Besides, 12–20% of the world’s greenhouse gas emissions come from changes in land use, mostly cutting down trees. Forest degradation (changes that harm a forest’s structure or function but do not reduce its area) and the destruction of tropical peatlands contribute to these emissions. Although some tropical forests used to “sink” carbon, they now release more carbon into the air than they take in. For instance, scientists now think that the southeast part of the Amazon Rainforest is a net carbon source.

How Deforestation Contributes to Greenhouse Gas Emissions

We have already discussed deforestation’s contribution to greenhouse gas emissions. However, there is more to that.

Different areas have different effects on greenhouse gas emissions when trees are cut down. A lot of emissions come from tropical forests because they have more biomass per hectare than other types of forests. For example, about 15% of the world’s emissions related to deforestation come from the Amazon rainforest.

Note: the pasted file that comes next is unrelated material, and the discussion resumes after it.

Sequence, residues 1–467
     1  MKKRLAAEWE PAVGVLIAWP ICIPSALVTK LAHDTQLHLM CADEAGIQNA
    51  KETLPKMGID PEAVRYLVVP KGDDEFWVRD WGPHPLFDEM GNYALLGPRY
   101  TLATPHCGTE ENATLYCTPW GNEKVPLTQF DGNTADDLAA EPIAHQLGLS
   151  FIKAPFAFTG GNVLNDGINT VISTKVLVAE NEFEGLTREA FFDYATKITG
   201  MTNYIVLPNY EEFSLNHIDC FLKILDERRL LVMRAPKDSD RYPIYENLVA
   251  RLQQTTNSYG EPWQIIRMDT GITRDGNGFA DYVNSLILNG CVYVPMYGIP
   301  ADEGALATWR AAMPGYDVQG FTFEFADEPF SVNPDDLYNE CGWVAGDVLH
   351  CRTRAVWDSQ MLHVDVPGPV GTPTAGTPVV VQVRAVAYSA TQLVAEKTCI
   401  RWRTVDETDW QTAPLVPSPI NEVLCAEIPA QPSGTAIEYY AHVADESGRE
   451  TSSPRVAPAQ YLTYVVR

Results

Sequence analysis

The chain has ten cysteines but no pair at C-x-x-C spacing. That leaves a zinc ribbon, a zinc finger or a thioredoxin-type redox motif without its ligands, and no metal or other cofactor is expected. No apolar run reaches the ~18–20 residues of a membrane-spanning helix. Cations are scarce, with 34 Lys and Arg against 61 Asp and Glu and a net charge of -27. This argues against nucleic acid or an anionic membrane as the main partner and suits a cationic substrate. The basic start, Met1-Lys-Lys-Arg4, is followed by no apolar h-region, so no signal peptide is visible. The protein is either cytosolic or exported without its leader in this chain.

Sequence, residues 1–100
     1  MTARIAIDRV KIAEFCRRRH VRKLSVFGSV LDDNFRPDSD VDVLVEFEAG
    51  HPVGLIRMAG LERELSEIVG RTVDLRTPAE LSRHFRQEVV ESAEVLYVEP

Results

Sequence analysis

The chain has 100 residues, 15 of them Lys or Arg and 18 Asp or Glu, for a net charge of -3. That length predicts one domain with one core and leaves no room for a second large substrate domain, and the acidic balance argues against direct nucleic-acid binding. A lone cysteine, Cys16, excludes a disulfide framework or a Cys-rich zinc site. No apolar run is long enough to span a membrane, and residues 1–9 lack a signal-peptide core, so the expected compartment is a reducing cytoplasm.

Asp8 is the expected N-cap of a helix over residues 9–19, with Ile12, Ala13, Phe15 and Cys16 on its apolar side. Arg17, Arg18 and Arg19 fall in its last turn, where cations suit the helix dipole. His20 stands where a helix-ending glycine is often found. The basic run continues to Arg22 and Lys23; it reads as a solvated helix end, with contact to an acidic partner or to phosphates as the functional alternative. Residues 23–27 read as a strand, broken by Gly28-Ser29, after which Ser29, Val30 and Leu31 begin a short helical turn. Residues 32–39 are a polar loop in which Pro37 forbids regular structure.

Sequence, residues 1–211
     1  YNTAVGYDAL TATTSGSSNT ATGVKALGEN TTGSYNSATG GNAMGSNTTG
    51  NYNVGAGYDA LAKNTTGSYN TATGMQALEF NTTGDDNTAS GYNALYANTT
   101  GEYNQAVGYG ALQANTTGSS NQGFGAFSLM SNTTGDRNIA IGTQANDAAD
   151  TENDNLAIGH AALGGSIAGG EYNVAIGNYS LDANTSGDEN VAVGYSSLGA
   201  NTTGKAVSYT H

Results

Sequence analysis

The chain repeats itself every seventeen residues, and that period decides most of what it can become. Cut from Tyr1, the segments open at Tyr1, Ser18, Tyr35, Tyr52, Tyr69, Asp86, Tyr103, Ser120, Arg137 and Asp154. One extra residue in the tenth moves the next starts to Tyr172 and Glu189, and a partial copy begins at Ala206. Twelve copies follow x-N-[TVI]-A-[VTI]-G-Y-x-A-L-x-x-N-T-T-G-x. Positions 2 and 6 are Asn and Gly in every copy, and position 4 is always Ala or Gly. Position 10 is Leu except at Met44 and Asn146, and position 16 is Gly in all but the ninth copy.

The removal of trees alters the carbon cycle. That’s because they serve as carbon sinks and reduce photosynthesis in the region. As a result, emissions of greenhouse gases increase.

Deforestation affects greenhouse gas emissions in a roundabout way. It is also a known contributor to air pollution because the area is turned into pasture or farmland.

Additionally, fertilizer production and use account for a significant portion of agricultural greenhouse gas emissions. Fertilizers release nitrous oxide. Plus, there is a lot of methane gas released when cattle are raised for food. Methane is a stronger greenhouse gas than carbon dioxide.